For years, Danish Oil and Natural Gas Co. did what many other big oil companies do: pumped hydrocarbons out of the North Sea.
Today, it’s the world’s largest developer of offshore wind energy, and exceeds the market value of oil giants Occidental Petroleum Corp. and Eni SpA.
Renamed Ørsted AS , it’s one of a handful of once-small energy companies that have grown after pivoting from fossil fuels to renewables, including Spain’s Iberdrola SA, Italy’s Enel SpA and America’s NextEra Energy Inc.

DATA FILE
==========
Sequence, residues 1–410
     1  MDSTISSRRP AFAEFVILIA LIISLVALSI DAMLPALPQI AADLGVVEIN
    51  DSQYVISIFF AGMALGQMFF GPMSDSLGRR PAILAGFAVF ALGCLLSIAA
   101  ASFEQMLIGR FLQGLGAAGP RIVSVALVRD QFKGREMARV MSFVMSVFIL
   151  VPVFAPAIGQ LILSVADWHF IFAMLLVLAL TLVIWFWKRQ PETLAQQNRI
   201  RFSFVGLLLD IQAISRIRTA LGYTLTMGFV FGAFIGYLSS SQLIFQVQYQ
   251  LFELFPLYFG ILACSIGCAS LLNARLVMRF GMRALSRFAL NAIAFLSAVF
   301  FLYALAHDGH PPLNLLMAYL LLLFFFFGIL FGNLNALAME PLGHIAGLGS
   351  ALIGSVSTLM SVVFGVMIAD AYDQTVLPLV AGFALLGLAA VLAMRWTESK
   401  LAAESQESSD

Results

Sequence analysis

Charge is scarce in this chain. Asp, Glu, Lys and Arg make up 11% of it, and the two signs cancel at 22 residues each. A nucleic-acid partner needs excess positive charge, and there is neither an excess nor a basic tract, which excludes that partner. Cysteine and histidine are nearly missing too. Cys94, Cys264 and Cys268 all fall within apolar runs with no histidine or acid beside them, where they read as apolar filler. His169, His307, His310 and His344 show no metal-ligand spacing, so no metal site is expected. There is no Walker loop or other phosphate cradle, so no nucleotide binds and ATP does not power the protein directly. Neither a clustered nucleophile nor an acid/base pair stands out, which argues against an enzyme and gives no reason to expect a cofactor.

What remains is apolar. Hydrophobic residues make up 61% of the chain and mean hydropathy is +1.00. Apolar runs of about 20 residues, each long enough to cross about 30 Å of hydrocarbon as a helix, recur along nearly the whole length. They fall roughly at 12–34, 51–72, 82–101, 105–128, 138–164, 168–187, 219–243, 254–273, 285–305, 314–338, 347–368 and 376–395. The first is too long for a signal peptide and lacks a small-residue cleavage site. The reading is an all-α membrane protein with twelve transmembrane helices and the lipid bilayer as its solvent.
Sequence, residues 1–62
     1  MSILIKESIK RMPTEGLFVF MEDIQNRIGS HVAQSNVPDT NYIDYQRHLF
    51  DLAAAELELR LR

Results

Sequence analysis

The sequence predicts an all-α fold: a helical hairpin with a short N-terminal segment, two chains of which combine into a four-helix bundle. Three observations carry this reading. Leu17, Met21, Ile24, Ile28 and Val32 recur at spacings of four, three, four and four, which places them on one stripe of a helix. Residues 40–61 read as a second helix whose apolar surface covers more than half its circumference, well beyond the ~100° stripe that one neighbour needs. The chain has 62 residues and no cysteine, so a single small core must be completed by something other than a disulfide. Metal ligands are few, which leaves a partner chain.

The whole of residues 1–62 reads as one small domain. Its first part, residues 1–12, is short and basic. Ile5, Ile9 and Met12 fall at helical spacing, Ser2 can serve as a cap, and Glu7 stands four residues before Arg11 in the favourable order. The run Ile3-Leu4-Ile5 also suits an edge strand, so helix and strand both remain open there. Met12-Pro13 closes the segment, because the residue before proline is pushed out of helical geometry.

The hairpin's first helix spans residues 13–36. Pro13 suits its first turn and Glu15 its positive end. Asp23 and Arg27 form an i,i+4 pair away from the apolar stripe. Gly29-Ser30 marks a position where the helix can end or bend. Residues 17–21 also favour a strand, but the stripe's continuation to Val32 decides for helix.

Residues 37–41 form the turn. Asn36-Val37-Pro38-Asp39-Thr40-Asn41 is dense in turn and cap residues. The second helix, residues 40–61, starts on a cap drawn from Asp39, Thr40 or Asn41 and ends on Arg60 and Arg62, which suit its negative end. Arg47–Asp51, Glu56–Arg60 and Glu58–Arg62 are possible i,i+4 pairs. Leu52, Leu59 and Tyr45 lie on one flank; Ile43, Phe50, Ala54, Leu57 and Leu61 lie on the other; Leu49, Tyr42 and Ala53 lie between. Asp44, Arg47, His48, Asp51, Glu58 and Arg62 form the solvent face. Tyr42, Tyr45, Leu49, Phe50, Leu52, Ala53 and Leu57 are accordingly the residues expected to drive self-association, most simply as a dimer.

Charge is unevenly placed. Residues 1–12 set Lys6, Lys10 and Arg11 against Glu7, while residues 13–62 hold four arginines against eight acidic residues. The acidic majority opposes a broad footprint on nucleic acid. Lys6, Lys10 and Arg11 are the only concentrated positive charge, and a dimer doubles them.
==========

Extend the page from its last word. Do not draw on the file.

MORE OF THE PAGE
As many oil companies now seek to follow suit, Ørsted is a case study on how hard the shift is. It took government intervention, years of subsidies and a wide-open competitive landscape for Ørsted to succeed. Shareholders and board members repeatedly questioned the strategy shift, and the costs ballooned the company’s debt, nearly derailing it.
Today, subsidies are falling, if they exist at all. Competition for new wind and solar projects is fierce. And returns are lower than most big oil developments.